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# Voting matters - Issue 10, May 1998

## Producing a Party List using STV

#### C Rosenstiel

Colin Rosenstiel is a member of the Council of ERS and the author of a
computer program for STV.

With some of the current proposals for electoral reform, parties will be
required to produce a list from whom candidates will be elected in order
from the top. STV can be used to construct the ordered list, given a
preferential ballot of all party members.

The conventional use of STV to elect *n* members gives members of equal
status, since the order in which STV elects does not necessarily determine
the strength of their support. Repeated use of STV elections can be used to
determine an order as follows:

Given a total list of 10 (say), then the first step is to determine those on
the list (without an ordering) by running an STV election with all the
candidates and 10 seats to fill. The next step is to run an STV election for
9 seats with 10 candidates being those previously elected (using the same
ballot papers). The eliminated candidate is then placed last on the list.
Next, an STV election if run with the remaining 9 candidates with 8 seats to
determine the next lowest candidate, and so on.

This process might sound tedious, since so many STV elections are run, but
if a computer is used, it is straightforward. Note that the above process
will not work in reverse, i.e. selecting the top candidate first. The reason
for this is that when electing two candidates, it can happen that neither of
those elected is the previously selected 'top' candidate.

Two elections were taken in which there was more than ten
candidates to which we have applied the algorithm above to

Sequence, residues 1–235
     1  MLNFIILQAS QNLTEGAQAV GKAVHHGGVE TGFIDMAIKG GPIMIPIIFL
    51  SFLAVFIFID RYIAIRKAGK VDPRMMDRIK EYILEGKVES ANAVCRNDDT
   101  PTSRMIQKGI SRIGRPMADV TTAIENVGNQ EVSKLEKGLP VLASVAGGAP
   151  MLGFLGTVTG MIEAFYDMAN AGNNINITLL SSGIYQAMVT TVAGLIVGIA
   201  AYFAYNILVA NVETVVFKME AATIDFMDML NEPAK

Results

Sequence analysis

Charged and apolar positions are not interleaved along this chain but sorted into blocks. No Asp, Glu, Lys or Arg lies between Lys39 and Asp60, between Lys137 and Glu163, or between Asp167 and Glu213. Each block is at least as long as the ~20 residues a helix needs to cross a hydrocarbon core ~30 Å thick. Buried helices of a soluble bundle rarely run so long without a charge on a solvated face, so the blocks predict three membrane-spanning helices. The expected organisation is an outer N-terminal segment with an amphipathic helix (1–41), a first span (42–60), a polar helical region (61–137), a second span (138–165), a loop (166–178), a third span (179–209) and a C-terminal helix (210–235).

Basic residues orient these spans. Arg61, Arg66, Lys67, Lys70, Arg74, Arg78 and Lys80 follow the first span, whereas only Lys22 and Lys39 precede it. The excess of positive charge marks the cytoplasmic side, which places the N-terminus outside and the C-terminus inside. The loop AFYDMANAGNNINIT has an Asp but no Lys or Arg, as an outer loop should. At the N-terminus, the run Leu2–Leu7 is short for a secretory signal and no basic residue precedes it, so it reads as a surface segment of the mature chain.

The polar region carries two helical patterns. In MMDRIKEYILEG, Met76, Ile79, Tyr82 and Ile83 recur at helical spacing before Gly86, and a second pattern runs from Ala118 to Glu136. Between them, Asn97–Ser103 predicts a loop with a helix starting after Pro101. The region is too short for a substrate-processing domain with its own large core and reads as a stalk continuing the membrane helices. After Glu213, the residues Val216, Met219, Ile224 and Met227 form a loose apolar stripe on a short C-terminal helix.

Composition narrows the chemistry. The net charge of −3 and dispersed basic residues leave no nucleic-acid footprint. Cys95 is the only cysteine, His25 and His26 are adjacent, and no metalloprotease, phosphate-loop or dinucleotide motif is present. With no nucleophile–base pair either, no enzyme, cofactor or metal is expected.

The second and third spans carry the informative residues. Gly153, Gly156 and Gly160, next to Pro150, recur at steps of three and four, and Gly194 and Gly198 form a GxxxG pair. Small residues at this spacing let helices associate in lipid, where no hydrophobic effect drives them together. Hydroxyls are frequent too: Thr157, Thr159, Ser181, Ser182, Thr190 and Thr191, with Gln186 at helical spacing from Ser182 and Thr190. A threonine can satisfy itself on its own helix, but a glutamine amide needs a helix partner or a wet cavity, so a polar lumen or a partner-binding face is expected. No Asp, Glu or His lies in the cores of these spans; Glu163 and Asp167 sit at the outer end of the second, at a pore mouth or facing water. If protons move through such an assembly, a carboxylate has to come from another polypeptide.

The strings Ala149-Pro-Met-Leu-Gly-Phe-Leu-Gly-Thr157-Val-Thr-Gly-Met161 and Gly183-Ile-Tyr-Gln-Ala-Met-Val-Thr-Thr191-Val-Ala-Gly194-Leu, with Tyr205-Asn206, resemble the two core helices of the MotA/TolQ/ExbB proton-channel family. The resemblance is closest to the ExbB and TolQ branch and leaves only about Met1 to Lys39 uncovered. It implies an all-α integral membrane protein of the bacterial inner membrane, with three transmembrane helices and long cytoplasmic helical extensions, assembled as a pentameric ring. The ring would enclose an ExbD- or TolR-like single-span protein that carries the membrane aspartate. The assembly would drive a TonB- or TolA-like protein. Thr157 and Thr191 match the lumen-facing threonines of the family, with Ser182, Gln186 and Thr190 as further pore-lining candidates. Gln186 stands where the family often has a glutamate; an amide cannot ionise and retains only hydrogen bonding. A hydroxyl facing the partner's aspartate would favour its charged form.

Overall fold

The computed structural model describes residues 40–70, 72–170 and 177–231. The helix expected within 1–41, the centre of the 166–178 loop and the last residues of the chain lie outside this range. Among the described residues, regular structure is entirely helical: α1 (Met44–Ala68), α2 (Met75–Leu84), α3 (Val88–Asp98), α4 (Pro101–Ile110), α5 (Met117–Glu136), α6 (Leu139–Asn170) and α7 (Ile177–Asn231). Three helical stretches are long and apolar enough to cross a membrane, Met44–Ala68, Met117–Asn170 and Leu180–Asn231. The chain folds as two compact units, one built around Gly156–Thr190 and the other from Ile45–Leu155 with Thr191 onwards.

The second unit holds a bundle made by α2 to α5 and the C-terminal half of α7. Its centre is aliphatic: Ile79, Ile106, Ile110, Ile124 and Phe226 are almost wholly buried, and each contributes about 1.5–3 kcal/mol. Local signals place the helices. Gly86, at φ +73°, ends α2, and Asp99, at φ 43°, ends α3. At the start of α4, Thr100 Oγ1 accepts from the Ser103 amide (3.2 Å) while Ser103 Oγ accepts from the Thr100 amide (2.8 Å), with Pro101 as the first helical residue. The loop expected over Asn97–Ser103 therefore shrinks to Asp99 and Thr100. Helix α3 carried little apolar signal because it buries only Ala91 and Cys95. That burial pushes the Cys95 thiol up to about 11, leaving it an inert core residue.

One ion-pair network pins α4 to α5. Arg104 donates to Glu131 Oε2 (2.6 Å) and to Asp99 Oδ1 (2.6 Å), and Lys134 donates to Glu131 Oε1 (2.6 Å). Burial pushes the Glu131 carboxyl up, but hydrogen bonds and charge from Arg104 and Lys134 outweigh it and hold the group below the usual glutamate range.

order the top 10 candidates. The results obtained was as
follows:

Election 1 Election 2
This algorithm : ABCDEFGHIJ ABCDEFGHIJ
Order of election : CABDEFGHJI CBAFEHDGIJ

As expected, it can be seen that the order of election does not give the
same result as successive elimination. Hence this algorithm is recommended
in producing party lists.
### Editorial comment

It has been suggested to me that if the Meek method is used, then just one
election would suffice (to determine the order of the 10 candidates). Their
order can be found from the retention factor in the final table of the
election results - the smallest retention factor implying the
strongest candidate since that candidate required the smallest proportion of
the votes retained to get the quota. These values do give a measure of their
relative support, unlike the order of election. In the elections above the
Meek result were:
Election 1 Election 2
Meek 'keep' factor: ABCDEFGJHI ABCEFDHGIJ

This would appear to indicate that the methods of ordering of the candidates
produce a similar result. In practice, both methods would need to use a
computer and hence there seems to be little to choose between them.

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